+
+	if (err < 0 || read != mtd->writesize) {
+		msg("error: read failed at %#llx\n", (long long)offset);
+		if (err >= 0)
+			err = -EIO;
+	}
+
+	return err;
+}
+
+/* Verifies rbuffer against random sequence */
+static int verify_page(int log)
+{
+	unsigned i, errs = 0;
+
+	if (log)
+		msg("verify_page\n");
+
+	for (i = 0; i < mtd->writesize; i++) {
+		if (rbuffer[i] != hash(i+seed)) {
+			msg("Error: page offset %u, expected %02x, got %02x\n",
+				i, hash(i+seed), rbuffer[i]);
+			errs++;
+		}
+	}
+
+	if (errs)
+		return -EIO;
+	else
+		return 0;
+}
+
+#define CBIT(v, n) ((v) & (1 << (n)))
+#define BCLR(v, n) ((v) = (v) & ~(1 << (n)))
+
+/* Finds the first '1' bit in wbuffer starting at offset 'byte'
+ * and sets it to '0'. */
+static int insert_biterror(unsigned byte)
+{
+	int bit;
+
+	while (byte < mtd->writesize) {
+		for (bit = 7; bit >= 0; bit--) {
+			if (CBIT(wbuffer[byte], bit)) {
+				BCLR(wbuffer[byte], bit);
+				msg("Inserted biterror @ %u/%u\n", byte, bit);
+				return 0;
+			}
+		}
+		byte++;
+	}
+	msg("biterror: Failed to find a '1' bit\n");
+	return -EIO;
+}
+
+/* Writes 'random' data to page and then introduces deliberate bit
+ * errors into the page, while verifying each step. */
+static int incremental_errors_test(void)
+{
+	int err = 0;
+	unsigned i;
+	unsigned errs_per_subpage = 0;
+
+	msg("incremental biterrors test\n");
+
+	for (i = 0; i < mtd->writesize; i++)
+		wbuffer[i] = hash(i+seed);
+
+	err = write_page(1);
+	if (err)
+		goto exit;
+
+	while (1) {
+
+		err = rewrite_page(1);
+		if (err)
+			goto exit;
+
+		err = read_page(1);
+		if (err > 0)
+			msg("Read reported %d corrected bit errors\n", err);
+		if (err < 0) {
+			msg("After %d biterrors per subpage, read reported error %d\n",
+				errs_per_subpage, err);
+			err = 0;
+			goto exit;
+		}
+
+		err = verify_page(1);
+		if (err) {
+			msg("ECC failure, read data is incorrect despite read success\n");
+			goto exit;
+		}
+
+		msg("Successfully corrected %d bit errors per subpage\n",
+			errs_per_subpage);
+
+		for (i = 0; i < subcount; i++) {
+			err = insert_biterror(i * subsize);
+			if (err < 0)
+				goto exit;
+		}
+		errs_per_subpage++;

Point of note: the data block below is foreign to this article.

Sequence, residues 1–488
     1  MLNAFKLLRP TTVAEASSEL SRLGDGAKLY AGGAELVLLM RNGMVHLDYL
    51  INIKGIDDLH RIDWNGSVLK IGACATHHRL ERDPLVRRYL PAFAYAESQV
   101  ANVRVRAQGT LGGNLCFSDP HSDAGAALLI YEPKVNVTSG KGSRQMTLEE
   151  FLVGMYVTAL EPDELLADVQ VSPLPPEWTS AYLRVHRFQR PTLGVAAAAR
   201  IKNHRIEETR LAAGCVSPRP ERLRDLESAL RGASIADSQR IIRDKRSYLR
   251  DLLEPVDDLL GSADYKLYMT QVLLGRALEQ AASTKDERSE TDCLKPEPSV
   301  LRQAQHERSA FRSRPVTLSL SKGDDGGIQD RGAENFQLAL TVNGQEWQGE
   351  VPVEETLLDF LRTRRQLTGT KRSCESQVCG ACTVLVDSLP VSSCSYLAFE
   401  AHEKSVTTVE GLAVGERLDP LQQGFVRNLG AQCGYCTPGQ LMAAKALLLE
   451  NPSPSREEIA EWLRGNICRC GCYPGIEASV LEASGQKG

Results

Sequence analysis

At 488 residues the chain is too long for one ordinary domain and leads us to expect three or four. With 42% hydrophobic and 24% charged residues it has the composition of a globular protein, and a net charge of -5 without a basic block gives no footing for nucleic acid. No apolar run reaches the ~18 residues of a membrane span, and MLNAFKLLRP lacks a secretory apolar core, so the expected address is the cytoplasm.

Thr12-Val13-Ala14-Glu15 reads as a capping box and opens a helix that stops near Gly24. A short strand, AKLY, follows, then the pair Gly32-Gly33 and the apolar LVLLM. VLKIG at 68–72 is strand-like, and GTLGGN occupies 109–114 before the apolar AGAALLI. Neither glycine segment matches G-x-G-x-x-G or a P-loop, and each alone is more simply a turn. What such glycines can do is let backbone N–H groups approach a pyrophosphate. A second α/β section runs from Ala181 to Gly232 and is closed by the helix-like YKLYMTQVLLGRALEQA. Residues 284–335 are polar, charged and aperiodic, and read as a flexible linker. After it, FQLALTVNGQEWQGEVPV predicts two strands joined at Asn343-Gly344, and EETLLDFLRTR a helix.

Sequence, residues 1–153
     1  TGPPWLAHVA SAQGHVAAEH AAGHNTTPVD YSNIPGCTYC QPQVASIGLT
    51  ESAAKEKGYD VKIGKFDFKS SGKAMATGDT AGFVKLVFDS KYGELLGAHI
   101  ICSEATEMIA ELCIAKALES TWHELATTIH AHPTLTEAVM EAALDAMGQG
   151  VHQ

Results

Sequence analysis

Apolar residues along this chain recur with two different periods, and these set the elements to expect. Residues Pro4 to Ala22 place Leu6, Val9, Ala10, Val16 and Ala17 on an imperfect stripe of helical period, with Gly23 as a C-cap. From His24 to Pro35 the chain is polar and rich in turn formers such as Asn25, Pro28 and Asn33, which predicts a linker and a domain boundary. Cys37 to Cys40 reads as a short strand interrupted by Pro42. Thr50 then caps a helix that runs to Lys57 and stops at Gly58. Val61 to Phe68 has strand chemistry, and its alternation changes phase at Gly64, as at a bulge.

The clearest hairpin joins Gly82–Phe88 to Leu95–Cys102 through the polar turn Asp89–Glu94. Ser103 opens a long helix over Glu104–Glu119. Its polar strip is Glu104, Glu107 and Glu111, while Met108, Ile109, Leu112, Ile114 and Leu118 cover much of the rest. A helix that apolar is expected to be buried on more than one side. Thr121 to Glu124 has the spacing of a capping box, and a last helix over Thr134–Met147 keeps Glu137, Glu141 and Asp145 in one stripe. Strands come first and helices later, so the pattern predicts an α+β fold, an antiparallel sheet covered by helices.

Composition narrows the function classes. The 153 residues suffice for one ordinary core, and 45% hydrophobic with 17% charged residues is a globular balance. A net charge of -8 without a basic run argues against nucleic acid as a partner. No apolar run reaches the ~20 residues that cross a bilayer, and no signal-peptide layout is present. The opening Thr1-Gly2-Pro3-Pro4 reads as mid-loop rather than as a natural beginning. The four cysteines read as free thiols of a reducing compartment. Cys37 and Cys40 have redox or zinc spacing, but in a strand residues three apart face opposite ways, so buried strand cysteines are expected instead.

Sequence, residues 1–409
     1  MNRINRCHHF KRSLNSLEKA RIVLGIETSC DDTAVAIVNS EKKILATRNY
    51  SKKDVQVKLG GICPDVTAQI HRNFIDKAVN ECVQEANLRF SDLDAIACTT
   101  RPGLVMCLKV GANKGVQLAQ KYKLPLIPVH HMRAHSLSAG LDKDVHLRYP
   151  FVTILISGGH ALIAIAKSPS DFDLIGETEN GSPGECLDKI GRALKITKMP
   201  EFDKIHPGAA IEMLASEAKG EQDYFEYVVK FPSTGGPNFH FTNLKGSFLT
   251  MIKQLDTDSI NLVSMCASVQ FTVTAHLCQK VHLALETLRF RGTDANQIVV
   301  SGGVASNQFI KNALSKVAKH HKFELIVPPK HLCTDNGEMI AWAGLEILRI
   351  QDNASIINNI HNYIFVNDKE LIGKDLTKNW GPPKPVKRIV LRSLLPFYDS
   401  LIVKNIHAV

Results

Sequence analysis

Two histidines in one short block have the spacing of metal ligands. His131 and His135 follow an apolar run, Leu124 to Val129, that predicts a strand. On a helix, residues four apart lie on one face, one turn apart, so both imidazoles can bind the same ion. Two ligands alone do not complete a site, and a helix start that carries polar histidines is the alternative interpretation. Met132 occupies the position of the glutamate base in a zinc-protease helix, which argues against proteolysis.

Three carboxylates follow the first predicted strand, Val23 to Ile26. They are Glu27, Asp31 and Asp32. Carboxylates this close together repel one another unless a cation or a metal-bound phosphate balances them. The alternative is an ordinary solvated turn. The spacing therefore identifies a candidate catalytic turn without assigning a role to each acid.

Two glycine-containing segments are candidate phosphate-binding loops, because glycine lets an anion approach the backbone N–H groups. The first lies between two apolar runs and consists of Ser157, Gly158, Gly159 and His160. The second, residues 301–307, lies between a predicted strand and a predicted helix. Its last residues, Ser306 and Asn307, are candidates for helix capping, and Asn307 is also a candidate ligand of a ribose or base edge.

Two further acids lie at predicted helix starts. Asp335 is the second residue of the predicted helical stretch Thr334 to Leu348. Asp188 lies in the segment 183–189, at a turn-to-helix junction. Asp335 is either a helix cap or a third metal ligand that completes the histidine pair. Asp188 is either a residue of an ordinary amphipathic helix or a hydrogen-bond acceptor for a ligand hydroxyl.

+	}
+
+exit:
+	return err;
+}
+
+
+/* Writes 'random' data to page and then re-writes that same data repeatedly.
+   This eventually develops bit errors (bits written as '1' will slowly become
+   '0'), which are corrected as far as the ECC is capable of. */
+static int overwrite_test(void)
+{
+	int err = 0;
+	unsigned i;
+	unsigned max_corrected = 0;
+	unsigned opno = 0;
+	/* We don't expect more than this many correctable bit errors per
+	 * page. */
+	#define MAXBITS 512
+	static unsigned bitstats[MAXBITS]; /* bit error histogram. */
+
+	memset(bitstats, 0, sizeof(bitstats));
+
+	msg("overwrite biterrors test\n");
+
+	for (i = 0; i < mtd->writesize; i++)
+		wbuffer[i] = hash(i+seed);
+
+	err = write_page(1);
+	if (err)
+		goto exit;
+
+	while (opno < max_overwrite) {
+
+		err = rewrite_page(0);
+		if (err)
+			break;
+
+		err = read_page(0);
+		if (err >= 0) {
+			if (err >= MAXBITS) {
+				msg("Implausible number of bit errors corrected\n");
+				err = -EIO;
+				break;
+			}
+			bitstats[err]++;
+			if (err > max_corrected) {
+				max_corrected = err;
+				msg("Read reported %d corrected bit errors\n",
+					err);
+			}
+		} else { /* err < 0 */
+			msg("Read reported error %d\n", err);
+			err = 0;
+			break;
+		}
+
+		err = verify_page(0);
+		if (err) {
+			bitstats[max_corrected] = opno;
+			msg("ECC failure, read data is incorrect despite read success\n");
+			break;
+		}
+
+		opno++;
+	}
+
+	/* At this point bitstats[0] contains the number of ops with no bit
+	 * errors, bitstats[1] the number of ops with 1 bit error, etc. */
+	msg("Bit error histogram (%d operations total):\n", opno);
+	for (i = 0; i < max_corrected; i++)
+		msg("Page reads with %3d corrected bit errors: %d\n",
+			i, bitstats[i]);
+
+exit:
+	return err;
+}
+
+static int __init mtd_nandbiterrs_init(void)
+{
+	int err = 0;
+
+	msg("\n");
+	msg("==================================================\n");
+	msg("MTD device: %d\n", dev);
+
+	mtd = get_mtd_device(NULL, dev);
+	if (IS_ERR(mtd)) {
+		err = PTR_ERR(mtd);
+		msg("error: cannot get MTD device\n");
+		goto exit_mtddev;
+	}
+
+	if (mtd->type != MTD_NANDFLASH) {
+		msg("this test requires NAND flash\n");
+		err = -ENODEV;
+		goto exit_nand;
+	}
+
+	msg("MTD device size %llu, eraseblock=%u, page=%u, oob=%u\n",
+		(unsigned long long)mtd->size, mtd->erasesize,
+		mtd->writesize, mtd->oobsize);
+
+	subsize  = mtd->writesize >> mtd->subpage_sft;
+	subcount = mtd->writesize / subsize;
+
+	msg("Device uses %d subpages of %d bytes\n", subcount, subsize);
+
+	offset     = page_offset * mtd->writesize;
+	eraseblock = mtd_div_by_eb(offset, mtd);
+
+	msg("Using page=%u, offset=%llu, eraseblock=%u\n",
+		page_offset, offset, eraseblock);
+
+	wbuffer = kmalloc(mtd->writesize, GFP_KERNEL);
+	if (!wbuffer) {
+		err = -ENOMEM;
+		goto exit_wbuffer;
+	}
+
+	rbuffer = kmalloc(mtd->writesize, GFP_KERNEL);
+	if (!rbuffer) {
+		err = -ENOMEM;
+		goto exit_rbuffer;
+	}
+
+	err = erase_block();
+	if (err)
+		goto exit_error;
+
+	if (mode == 0)
+		err = incremental_errors_test();
+	else
+		err = overwrite_test();
+
+	if (err)
+		goto exit_error;
+
+	/* We leave the block un-erased in case of test failure. */
+	err = erase_block();
+	if (err)
+		goto exit_error;
+
+	err = -EIO;
+	msg("finished successfully.\n");
+	msg("==================================================\n");
+
+exit_error:
+	kfree(rbuffer);
+exit_rbuffer:
+	kfree(wbuffer);
+exit_wbuffer:
+	/* Nothing */
+exit_nand:
+	put_mtd_device(mtd);
+exit_mtddev:
+	return err;
+}
+
+static void __exit mtd_nandbiterrs_exit(void)
+{
+	return;
+}
+
+module_init(mtd_nandbiterrs_init);
+module_exit(mtd_nandbiterrs_exit);
+
+MODULE_DESCRIPTION("NAND bit error recovery test");
+MODULE_AUTHOR("Iwo Mergler");
+MODULE_LICENSE("GPL");